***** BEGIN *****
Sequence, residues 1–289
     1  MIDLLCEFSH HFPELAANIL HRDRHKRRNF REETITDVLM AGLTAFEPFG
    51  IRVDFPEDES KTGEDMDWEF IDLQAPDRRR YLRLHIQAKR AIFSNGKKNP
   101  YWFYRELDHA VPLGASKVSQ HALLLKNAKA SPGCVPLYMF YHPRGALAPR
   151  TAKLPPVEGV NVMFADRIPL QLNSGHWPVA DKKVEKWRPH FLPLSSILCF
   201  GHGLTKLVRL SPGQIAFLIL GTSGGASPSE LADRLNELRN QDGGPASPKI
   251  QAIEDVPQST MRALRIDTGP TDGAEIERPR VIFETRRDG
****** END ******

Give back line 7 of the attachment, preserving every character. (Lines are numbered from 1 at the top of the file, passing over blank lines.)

   251  QAIEDVPQST MRALRIDTGP TDGAEIERPR VIFETRRDG